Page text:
I think that it’s important to remember that the act of creativity is to engage you and that includes shocks of course, because it shocks the system. Penetrates your mind. It’s the fear of penetration that some people may have; of the film penetrating their minds and consuming their identity. They try to fight it off by just dismissing it as shock, for shock’s sake. What they’re actually doing is, they’re denying the impact that it has on their brains.

When you come up with an idea like necrophilia are you thinking much about how it’s going to affect audiences and your critics?

I don’t think about it as shock value. I think it’s a normal evolution of the story. If I start to get calculated, it’s going to fail miserably. People are too smart nowadays. You can’t fool them anymore. They can see right through you in tenths of a second. Make it from the heart. Make it singular, unapologetic. That can never be taken away from you.

Talk about your relationship with visuals, how do you work with inspiration for what you put on screen?

It depends. I don’t storyboard. Sometimes I write in visuals; meaning that I usually come up with something that I would like to see and then create the scene around it, like voyeurism. I’m first a voyeur, then I figure our what excites me and then I will write it on an index card and see how it gets incorporated into the film. I feel that theme to me is what it all boils down to. I close my eyes and I imagine.

Sometimes it’s preconceived; what I would like to to be like. A lot of the times, it’s something I come up with during the day with the actors. I need them to feel comfortable in their ability to give themselves, submit themselves to the process of creativity. They need to feel secure. It’s very much about making sure that their performance or their movement works and then I will find a way to photograph it after.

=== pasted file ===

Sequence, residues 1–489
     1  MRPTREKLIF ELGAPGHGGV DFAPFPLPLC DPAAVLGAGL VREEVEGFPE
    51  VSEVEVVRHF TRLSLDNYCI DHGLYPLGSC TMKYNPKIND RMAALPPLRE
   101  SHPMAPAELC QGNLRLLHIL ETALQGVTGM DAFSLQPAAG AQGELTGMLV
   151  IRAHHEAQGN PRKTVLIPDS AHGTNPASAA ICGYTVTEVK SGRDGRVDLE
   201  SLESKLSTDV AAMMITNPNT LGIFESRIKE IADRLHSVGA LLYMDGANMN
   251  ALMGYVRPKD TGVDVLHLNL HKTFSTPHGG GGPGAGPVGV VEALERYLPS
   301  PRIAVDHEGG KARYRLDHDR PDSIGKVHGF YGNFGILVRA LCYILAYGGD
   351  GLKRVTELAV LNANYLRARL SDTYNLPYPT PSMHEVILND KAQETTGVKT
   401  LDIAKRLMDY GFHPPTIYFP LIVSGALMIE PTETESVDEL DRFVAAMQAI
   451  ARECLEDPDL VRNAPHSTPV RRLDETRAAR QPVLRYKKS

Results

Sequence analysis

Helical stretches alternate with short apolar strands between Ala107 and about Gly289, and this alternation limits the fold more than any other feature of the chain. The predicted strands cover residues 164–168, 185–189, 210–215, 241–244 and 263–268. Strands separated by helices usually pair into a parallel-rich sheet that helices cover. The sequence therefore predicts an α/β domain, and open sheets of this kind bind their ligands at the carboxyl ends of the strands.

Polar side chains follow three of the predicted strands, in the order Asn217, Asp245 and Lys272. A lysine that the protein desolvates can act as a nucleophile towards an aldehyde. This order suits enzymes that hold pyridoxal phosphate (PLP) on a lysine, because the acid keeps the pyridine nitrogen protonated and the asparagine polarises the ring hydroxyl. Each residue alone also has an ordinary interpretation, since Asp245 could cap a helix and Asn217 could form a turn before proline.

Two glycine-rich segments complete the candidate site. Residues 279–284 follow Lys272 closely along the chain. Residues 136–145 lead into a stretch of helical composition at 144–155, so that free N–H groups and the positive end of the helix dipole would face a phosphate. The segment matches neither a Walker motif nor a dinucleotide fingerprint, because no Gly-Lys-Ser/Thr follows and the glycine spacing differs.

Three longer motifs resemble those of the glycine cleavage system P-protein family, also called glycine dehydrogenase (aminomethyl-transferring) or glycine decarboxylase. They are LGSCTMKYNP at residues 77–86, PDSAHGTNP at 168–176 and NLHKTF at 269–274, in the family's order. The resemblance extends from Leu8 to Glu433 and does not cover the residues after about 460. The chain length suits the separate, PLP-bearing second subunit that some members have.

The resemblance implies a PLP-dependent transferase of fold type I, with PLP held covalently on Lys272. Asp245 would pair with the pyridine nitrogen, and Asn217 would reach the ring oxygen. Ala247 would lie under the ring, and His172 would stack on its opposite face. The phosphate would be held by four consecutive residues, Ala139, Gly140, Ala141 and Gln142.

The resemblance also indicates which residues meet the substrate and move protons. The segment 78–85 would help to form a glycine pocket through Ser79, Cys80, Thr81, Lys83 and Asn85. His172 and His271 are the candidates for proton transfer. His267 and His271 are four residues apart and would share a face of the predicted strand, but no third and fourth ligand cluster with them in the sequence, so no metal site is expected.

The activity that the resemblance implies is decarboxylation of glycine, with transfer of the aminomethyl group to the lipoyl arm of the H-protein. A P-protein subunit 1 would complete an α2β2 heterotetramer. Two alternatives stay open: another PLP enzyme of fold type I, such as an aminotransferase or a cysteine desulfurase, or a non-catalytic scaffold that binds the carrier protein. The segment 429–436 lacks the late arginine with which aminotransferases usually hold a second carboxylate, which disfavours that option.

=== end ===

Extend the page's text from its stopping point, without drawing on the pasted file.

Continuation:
So the muse can come from anywhere?

Yeah. Music, ideas, going to and from work.

What did Elle Fanning offer that convinced you she was right for the role of Jesse?

My wife had seen one of her latest films and said she was really good. I couldn’t find anyone to play Jesse. No one had the thing. I was there to set up a meeting with Elle. Prior to the meeting, her manager had sent over a fashion shoot she had done. It was just so amazingly fantastic that I just knew instinctually it was going to be her. The agenda was get Elle Fanning.

Elle Fanning came to visit the house. We spoke a little bit. She was only 16 at that time. I said, I really want to make a horror film about beauty, at the same time live out my own fetish as a 16 year old girl. The counter of what I did with Drive, where I was pure masculinity. I wanted to be pure feminine. She liked those ideas. She also said she wants to make a film about beauty for her generation.

We very quickly mutated into the same idea of wanting to make a teenage horror film abut beauty. What really solidified the partnership was at the end of our meeting, I asked her do you consider yourself beautiful? She giggled. I said ‘No, I’m serious. Do you think you’re beautiful?’ and she said yes. That to me is when the film became, for the first time after two years of developing it, crystal clear in my mind.

What did it solidify?

Because I knew the film would celebrate narcissism as a virtue.